Attorney Angela Singleton - Oklahoma City Criminal Defense

Everything You Need To Know About Auto Theft Charges In Oklahoma

Everything You Need To Know About Auto Theft Charges In Oklahoma

There are several different laws in Oklahoma that most people would classify under the banner of auto theft. Auto theft is, of course, the outright stealing of a car, but Oklahoma law also recognizes a variety of situations that may be charged and punished as technically different crimes.

Depending on the circumstances, a conviction for an auto theft charge in Oklahoma can result in a sentence as light as a fine up to the very serious penalty of life in prison. In most cases, theft of a motor vehicle is not the only charge. It is often combined with other charges that can contribute significantly to the overall sentence if you are convicted. In the case of auto theft, It’s extremely important to understand exactly what you have been charged with and the possible consequences.

Auto Theft In Oklahoma

The definition of the crime of automotive theft and the possible punishment are outlined in Oklahoma Statutes Title 21 §21-1720. This law makes it a felony offense to steal any of the following:

  • Aircraft
  • Automobile or other automotive driven vehicles
  • Construction equipment
  • Farm equipment

A conviction, in this case, carries penalties from 3 to 20 years in the state penitentiary or a fine equal to three times the value of the property stolen (but not more than $500,000), or both. The convicted person must also pay restitution to the victim for losses incurred because of the theft.

Auto Theft By Carjacking In Oklahoma

Carjacking in Oklahoma can bring far more serious consequences. Carjacking involves stealing a vehicle by force, by threatening force, or while armed with a weapon. This type of crime can be punished under Oklahoma’s robbery laws which carry much stiffer penalties for a conviction. Any type of robbery is a felony offense under Oklahoma law. Title 21 §21-797 defines the legal differences between first and second-degree robbery.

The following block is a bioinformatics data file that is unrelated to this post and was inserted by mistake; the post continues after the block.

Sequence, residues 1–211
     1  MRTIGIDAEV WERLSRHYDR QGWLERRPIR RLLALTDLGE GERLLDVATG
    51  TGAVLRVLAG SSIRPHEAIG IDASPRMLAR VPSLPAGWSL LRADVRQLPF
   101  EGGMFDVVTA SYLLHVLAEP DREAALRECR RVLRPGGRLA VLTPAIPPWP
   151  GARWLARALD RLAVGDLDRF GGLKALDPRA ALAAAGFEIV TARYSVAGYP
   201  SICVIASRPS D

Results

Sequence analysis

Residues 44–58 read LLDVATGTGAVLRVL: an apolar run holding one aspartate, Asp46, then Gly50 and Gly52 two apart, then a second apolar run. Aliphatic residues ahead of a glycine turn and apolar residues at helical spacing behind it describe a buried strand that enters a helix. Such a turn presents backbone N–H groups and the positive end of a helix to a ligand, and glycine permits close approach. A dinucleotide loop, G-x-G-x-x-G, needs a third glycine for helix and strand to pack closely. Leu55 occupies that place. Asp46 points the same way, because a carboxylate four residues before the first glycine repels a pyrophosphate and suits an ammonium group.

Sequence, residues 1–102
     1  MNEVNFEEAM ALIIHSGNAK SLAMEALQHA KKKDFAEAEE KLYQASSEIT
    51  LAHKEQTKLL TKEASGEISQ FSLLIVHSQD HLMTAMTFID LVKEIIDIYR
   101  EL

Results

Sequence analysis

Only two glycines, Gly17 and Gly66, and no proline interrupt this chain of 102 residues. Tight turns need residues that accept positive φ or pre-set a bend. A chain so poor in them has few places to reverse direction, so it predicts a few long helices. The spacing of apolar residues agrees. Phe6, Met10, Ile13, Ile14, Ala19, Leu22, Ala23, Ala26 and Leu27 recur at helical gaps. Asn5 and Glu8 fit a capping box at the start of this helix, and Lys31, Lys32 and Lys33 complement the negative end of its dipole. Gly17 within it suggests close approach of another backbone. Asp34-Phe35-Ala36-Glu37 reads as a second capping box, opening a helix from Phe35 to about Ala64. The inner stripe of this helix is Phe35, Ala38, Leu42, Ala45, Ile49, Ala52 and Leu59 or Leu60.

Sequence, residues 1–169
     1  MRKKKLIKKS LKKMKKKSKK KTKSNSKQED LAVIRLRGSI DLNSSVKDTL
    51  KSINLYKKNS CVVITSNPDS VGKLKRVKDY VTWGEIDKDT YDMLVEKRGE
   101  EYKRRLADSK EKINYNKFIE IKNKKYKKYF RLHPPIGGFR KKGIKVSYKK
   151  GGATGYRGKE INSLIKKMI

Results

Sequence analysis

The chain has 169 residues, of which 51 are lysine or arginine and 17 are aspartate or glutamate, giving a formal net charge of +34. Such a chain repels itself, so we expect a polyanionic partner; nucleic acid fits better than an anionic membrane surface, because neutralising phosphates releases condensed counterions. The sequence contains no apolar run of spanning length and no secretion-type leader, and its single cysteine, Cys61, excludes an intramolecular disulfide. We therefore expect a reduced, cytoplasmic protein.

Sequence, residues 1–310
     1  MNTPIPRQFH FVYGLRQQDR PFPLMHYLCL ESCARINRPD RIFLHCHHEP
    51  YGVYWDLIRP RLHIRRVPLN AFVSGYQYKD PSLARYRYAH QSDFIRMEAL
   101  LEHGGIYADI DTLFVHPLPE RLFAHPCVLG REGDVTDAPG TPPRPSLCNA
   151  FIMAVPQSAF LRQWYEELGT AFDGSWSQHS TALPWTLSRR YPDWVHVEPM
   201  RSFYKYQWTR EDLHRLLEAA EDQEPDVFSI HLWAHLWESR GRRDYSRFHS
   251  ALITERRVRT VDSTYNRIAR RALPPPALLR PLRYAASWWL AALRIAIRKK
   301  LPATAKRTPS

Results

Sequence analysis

Second Degree Robbery

Possible punishment for robbery in the second degree is defined in Title 21 §21-799. Anyone convicted of robbery in the second degree may be held in the state penitentiary for up to ten years.

First Degree Robbery

Title 21 §21-798 sets the possible punishment for robbery in the first degree. A first-degree robbery conviction in Oklahoma carries a mandatory minimum sentence of ten years in the state penitentiary.

Armed Robbery

Robbery or attempted robbery with a dangerous weapon or imitation firearm has the harshest possible penalties, outlined in Title 21 §21-801. A conviction for this charge carries a possible sentence ranging from five years to life in prison. Additionally, anyone who’s been convicted of three felonies faces a mandatory minimum of ten years in prison with no possibility of any type of sentence reduction until the first ten calendar years have been served.

Joyriding In Oklahoma

Joyriding may be a type of theft in the minds of most people, but Oklahoma law differentiates between joyriding and theft because, in the case of joyriding, the intent is not to deprive the owner of their property. It is more like borrowing without permission than stealing.

The act of joyriding is specifically made illegal under Title 21 §21-1787 in the Oklahoma Statutes and the penalty is outlined in §21-1788.

The penalty for a conviction of joyriding consists of a fine ranging from $100 to $500 or up to one year in county jail, or both.

Failure To Return A Rental Car In Oklahoma

You can be prosecuted for theft under §21-1720 for failing to return a rental car. Additionally, you can be charged specifically for renting a car and making payment with a false or bogus check under §21-1521.

Depending on the value of the check written, a conviction for paying for a rental car with a bad check can bring penalties ranging from a small fine and/or time in county jail up to a multi-thousand dollar fine and/or up-to seven years in state prison.

Don’t Take Chances With Auto Theft Charges

As you can see, auto theft charges in Oklahoma are anything but simple. Don’t take chances with your defense and your freedom. If you’ve been accused of any type of auto theft in Oklahoma, you should seek the counsel of a qualified Oklahoma criminal defense lawyer immediately.

I have extensive experience with Oklahoma criminal law and I can help you mount the best possible defense against the charges you may be facing, but acting quickly is essential for success. Consultations are always free. Contact me any time online or call (405) 510-0345 to schedule an appointment.